by Josh Silva

Graphic by Jane Wilson

“A specter is haunting Las Lomas – the specter of gaming,” said Karl Marx in his famous manifesto, at least he would have said this if he lived today to witness the second great revolution of the proletariat: the Gamer Revolution. Not since the storming of the Bastille have the masses become so restless that they take up arms and rebel against their captors. In this case, the education system. Not since the founding fathers wrote the Declaration of Independence have brilliant minds convened to forge a new society, one that all of us will live in. Just as Gandhi was derided in his time, the gamers are scoffed at by the system and vilified by the media. They may be portrayed as outcasts and loners, but their unity and strength may determine the future of our world.

The history of all existing societies is the history of wins and losses. Pro or amateur, life and hierarchy that dictates it can be reduced to levels. In a utopian reality, we would all begin the game of life on easy mode. But oppressive reality is that only a select few are born into easy mode, while most spend their whole lives on hard mode. Those with the luxury of easy mode, the gaming bourgeoisie if you will, design the hierarchy that we live in. No more evident is this than in our education system. At Las Lomas, gaming is not only frowned upon, but it is also actively suppressed. In our classrooms, teachers will not just scold students for developing their playing skills, but actively confiscate the devices by which they plan to rebel. This author knows the crushing reality from experience. Even outside of academic periods, the library bans gaming. The argument against gaming is that it distracts from the learning experience. A valid point, until you realize that the non-gamers are the ones controlling what is and isn’t taught. Gaming might seem superfluous to the curriculum in normal times. But, in the words of President Obama – arguably the first gamer president, these are not normal times.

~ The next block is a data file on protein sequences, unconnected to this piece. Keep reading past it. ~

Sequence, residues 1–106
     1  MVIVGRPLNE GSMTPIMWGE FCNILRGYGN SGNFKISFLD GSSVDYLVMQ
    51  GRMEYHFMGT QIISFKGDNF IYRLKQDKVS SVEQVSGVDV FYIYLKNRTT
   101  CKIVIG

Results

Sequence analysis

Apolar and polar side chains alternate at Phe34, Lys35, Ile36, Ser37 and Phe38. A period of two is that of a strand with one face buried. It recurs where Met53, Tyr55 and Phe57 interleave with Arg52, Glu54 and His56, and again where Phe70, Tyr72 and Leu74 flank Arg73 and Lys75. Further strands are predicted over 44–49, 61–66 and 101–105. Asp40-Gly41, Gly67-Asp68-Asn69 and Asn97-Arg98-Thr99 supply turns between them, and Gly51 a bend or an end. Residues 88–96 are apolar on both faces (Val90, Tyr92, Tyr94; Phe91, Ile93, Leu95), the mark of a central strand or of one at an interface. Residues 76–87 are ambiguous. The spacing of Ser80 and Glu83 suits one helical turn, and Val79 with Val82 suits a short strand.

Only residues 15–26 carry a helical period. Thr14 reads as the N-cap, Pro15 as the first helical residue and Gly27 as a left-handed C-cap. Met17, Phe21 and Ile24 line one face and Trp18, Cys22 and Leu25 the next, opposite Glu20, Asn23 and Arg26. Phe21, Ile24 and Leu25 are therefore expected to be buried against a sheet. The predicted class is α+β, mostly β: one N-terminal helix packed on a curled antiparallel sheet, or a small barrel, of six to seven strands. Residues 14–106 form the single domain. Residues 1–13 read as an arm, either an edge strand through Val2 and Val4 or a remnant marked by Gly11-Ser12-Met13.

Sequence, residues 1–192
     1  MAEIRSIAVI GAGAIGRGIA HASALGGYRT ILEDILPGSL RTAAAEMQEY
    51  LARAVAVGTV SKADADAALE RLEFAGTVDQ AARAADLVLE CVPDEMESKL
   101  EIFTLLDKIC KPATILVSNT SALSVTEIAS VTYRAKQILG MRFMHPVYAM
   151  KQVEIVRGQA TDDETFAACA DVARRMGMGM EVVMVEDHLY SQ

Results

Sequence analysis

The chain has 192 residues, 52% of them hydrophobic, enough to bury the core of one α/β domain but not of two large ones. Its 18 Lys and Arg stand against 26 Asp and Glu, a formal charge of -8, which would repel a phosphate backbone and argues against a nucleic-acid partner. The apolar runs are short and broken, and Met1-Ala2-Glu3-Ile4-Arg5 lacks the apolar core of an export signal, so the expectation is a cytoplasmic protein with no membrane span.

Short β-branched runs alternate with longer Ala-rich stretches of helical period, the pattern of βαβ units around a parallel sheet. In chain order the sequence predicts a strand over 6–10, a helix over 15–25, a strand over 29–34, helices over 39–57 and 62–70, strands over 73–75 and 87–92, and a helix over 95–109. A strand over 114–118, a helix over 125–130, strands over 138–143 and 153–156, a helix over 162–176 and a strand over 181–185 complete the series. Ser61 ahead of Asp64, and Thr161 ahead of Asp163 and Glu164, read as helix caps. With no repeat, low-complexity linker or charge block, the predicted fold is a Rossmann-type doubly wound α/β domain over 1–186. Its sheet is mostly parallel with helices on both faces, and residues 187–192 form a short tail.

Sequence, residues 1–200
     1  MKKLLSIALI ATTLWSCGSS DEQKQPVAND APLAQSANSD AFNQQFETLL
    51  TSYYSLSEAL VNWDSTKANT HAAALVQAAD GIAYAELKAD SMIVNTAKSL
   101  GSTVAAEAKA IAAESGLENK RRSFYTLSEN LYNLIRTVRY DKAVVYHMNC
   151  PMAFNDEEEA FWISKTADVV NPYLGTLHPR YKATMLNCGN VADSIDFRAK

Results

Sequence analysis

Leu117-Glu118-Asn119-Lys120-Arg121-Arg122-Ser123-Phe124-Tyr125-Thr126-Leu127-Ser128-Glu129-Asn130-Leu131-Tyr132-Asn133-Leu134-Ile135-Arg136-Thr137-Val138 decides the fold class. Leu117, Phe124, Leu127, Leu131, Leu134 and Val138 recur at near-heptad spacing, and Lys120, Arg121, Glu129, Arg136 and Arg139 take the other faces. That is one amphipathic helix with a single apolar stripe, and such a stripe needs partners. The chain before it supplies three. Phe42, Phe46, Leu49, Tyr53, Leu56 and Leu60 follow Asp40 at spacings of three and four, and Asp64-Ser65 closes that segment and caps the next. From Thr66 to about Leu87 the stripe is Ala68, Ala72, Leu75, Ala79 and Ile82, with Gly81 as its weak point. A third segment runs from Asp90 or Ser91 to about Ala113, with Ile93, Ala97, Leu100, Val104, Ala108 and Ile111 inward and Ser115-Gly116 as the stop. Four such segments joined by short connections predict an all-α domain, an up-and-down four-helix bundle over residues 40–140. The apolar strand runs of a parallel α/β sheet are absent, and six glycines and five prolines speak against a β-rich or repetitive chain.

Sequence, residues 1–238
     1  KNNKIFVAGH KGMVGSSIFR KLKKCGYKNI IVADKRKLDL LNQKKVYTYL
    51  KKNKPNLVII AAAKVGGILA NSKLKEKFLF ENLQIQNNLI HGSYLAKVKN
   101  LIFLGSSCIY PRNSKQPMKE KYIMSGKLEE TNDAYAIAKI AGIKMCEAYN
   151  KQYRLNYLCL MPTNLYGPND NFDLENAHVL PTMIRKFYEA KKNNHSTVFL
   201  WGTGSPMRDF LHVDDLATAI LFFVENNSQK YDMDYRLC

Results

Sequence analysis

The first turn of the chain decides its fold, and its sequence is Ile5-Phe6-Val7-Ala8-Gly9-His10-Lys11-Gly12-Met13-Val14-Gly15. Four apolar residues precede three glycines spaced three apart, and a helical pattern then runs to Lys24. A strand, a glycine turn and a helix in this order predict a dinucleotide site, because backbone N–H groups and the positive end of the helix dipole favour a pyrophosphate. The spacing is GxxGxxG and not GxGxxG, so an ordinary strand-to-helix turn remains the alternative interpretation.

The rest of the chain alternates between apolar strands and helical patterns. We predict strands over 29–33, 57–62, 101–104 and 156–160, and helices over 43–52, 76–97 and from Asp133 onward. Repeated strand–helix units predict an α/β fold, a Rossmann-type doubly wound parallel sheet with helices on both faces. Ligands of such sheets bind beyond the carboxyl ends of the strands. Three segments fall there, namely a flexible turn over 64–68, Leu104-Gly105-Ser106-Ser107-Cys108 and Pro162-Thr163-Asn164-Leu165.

While panic ensues on the street in a country unprepared for a pandemic, gamers are one step ahead. They’ve been derided as lazy for spending their lives inside. But now that the rest of the world has joined them, they are the only ones who know how to be productive under quarantine. Not only that, many of the games they’ve mastered realistically depict survival in the aftermath of an apocalypse. If our anti-gamer leadership continues in its inept power struggle, the fantasy that gamers role-play in every day of their lives may become a reality. Which is why now more than ever, gamers must recognize themselves not just as an exploited majority, but as the driving force of our society. As the means of production shift from analog to digital, the old means of governing become antiquated. Yet our leaders fail to change their ways because it would mean giving power to those whom they control: the gamers. As this pandemic ravages, we are given two choices: barbarism or gaming. Gamers can only reshape our society into a utopia if they rebel against their oppressors. So the next time your mom takes your Xbox, a teacher confiscates your phone, or a college you don’t have any “real-world skills”, do not stand in silence; rebel. Take your Dorito-crusted hands and use them to rise up against your oppressors. Use this as a manifesto to “g-fuel” your mind and spirit. 

To misquote Karl Marx again, “the gamers have nothing to lose but their chains. They have a world to win. Gamers of the world, unite!”